Capnocytophaga sputigena bloodstream infection in hematopoietic stem cell transplantations: two cases report and review of the literature

Fernanda Rodrigues Mendes Felipe Ribeiro Bruniera Jayir Schmidt Ana Paula Cury Camila Rizeck Hermes Higashino Fernando Nivaldo Oliveira Flavia Rossi Vanderson Rocha Silvia Figueiredo Costa About the authors

ABSTRACT

Capnocytophaga is a group of facultative anaerobic gram-negative bacteria present in the oral cavity of humans, dogs and cats, as part of their normal oral flora. Here, we described two cases of bloodstream infections (BSI) caused by Capnocytophaga in neutropenic autologous hematopoietic stem cell transplantation (auto-HSCT) patients with mucositis (Grade I and Grade III) identified by Maldi-Tof. They were successfully treated with β-lactam (meropenem and piperacillin-tazobactam). The species C. sputigena was confirmed by 16S rRNA gene sequencing in one patient. The review of literature showed that C. ochraceae was the most frequent species causing BSI in auto-HSCT patients and that the patients usually presented mucositis and were neutropenic at the onset of the infection.

KEYWORDS:
Capnocytophaga; Bloodstream infection; Hematopoietic stem cell transplantation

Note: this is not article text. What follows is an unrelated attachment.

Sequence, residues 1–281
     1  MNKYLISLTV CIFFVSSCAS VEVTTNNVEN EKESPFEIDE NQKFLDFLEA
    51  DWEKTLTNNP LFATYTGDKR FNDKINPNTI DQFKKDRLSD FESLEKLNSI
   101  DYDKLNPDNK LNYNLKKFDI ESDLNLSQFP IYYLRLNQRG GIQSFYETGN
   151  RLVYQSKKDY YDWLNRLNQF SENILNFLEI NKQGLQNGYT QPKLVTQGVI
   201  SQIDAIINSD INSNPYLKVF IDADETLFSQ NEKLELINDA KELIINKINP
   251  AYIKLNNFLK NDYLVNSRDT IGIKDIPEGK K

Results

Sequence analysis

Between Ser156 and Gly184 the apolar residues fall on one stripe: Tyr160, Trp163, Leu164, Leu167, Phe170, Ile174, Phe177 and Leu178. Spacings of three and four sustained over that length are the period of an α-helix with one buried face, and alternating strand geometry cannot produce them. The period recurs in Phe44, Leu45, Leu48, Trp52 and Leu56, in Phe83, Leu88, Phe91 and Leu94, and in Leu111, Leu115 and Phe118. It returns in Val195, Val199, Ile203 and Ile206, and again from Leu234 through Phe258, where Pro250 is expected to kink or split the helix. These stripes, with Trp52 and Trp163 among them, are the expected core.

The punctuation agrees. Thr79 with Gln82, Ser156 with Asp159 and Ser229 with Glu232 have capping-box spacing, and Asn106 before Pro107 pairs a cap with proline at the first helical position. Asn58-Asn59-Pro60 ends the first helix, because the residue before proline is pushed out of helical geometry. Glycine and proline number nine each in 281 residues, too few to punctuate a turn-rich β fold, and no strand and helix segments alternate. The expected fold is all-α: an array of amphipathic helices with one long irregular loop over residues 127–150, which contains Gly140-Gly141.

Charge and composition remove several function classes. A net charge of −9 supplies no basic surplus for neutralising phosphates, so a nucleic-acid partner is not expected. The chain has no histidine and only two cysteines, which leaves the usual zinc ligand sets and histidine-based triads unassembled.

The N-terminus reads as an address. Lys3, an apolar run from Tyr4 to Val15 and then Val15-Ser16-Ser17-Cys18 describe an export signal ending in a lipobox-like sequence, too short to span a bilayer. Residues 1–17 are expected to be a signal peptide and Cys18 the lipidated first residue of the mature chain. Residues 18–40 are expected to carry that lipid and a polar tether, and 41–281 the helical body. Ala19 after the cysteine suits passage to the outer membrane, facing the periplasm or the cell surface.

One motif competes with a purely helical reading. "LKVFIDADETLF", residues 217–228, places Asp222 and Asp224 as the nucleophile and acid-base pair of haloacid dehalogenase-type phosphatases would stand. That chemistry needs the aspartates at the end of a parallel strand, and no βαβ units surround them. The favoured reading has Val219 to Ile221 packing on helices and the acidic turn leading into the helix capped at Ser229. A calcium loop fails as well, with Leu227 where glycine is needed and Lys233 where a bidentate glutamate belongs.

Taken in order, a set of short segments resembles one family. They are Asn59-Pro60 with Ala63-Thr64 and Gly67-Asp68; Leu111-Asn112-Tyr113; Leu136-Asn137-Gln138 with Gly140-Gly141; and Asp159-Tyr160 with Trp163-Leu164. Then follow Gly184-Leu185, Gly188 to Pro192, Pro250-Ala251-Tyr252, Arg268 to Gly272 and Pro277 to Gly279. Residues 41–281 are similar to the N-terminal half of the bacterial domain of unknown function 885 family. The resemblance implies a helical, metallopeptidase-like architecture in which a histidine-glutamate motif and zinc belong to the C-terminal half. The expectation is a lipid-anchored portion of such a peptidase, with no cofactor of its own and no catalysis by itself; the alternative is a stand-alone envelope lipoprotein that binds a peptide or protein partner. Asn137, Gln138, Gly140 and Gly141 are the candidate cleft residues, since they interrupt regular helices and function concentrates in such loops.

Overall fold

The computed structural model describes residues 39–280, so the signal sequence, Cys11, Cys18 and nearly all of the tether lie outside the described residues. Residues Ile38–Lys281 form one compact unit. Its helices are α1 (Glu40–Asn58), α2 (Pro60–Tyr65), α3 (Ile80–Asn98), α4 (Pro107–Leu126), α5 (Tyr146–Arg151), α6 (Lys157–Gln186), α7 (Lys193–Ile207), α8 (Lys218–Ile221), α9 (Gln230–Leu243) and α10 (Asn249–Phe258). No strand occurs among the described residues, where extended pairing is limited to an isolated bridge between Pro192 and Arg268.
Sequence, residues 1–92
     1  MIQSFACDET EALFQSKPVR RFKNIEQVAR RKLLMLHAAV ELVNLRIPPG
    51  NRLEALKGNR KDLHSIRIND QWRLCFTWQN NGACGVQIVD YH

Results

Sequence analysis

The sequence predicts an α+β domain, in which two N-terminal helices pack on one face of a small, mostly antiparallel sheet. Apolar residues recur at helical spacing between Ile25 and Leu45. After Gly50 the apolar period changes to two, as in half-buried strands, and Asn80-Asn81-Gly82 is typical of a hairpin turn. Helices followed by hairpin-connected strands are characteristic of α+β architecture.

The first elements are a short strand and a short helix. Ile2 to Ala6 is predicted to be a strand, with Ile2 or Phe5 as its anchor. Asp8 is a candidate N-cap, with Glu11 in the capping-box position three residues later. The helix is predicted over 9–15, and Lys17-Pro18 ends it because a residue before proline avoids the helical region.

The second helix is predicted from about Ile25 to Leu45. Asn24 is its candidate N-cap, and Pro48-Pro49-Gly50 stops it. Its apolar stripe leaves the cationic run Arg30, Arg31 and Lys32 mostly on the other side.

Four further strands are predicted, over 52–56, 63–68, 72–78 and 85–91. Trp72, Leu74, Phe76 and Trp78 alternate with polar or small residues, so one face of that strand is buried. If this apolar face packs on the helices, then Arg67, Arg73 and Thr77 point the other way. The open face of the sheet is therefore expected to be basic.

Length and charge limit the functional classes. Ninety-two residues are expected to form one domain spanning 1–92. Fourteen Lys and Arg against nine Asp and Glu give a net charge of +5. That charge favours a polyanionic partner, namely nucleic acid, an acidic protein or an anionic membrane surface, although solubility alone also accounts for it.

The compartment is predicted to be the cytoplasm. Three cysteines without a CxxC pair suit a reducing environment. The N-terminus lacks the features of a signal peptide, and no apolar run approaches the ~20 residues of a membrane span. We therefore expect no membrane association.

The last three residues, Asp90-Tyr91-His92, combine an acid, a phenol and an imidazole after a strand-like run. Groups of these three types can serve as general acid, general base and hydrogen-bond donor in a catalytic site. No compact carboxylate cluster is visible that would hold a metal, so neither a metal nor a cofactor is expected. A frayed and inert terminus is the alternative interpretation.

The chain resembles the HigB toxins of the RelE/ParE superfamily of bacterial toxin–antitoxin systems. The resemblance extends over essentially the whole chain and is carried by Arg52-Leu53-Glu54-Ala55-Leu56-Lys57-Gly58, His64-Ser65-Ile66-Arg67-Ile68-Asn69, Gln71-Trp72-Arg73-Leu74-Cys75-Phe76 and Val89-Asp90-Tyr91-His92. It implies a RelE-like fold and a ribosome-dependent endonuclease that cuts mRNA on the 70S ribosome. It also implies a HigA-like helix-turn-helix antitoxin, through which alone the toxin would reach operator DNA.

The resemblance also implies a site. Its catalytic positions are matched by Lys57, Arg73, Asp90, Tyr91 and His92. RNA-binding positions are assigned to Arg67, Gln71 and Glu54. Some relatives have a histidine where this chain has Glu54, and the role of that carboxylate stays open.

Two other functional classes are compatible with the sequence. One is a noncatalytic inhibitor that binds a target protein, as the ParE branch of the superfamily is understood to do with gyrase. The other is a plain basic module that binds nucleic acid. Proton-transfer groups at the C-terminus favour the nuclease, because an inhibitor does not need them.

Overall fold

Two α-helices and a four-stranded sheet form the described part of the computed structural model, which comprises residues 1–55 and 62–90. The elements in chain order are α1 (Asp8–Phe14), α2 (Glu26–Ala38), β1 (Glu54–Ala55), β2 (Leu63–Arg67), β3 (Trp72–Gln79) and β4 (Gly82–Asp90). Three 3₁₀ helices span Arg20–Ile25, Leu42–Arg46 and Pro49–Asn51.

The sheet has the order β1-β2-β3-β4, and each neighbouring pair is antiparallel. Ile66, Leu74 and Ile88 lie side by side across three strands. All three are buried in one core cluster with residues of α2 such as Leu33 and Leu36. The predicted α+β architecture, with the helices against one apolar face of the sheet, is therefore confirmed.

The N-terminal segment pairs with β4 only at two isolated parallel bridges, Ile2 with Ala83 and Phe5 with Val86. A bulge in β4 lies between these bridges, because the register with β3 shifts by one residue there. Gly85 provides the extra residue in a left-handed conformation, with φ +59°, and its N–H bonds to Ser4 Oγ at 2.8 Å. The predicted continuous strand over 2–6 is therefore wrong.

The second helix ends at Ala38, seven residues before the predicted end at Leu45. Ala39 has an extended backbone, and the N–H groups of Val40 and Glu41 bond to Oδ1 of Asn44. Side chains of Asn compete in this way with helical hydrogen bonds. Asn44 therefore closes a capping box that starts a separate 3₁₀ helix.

INTRODUCTION

Capnocytophaga is a group of facultative anaerobic gram-negative bacteria, belonging to the Flavobacteriaceae family. These organisms are present in the oral cavity of humans, dogs and cats, as part of their normal oral flora 11. Pokroy-Shapira E, Shiber S, Molad Y. Capnocytophaga bacteraemia following Rituximab treatment. BMJ Case Rep. 2012;2012:bcr2012006224.,22. Piau C, Arvieux C, Bonnaure-Mallet M, Jolivet-Gougeon A. Capnocytophaga spp. involvement in bone infections: a review. Int J Antimicrob Agents. 2013;41:509-15. . Up to now, there are nine Capnocytophaga species reported in human oral microbiota: C. gingivalis, C. granulosa, C. haemolytica, C. leadbetteri, C. ochracea, C. sputigena, C. genospecies AHN8471; while C. canimorsus and C. cynodegmi are described in the oral microbiota of dogs and cats 33. Popiel KY, Vinh DC. ‘Bobo-Newton syndrome’: an unwanted gift from man's best friend. Can J Infect Dis Med Microbiol. 2013;24:209-14. . All the species have been reported as pathogens in humans.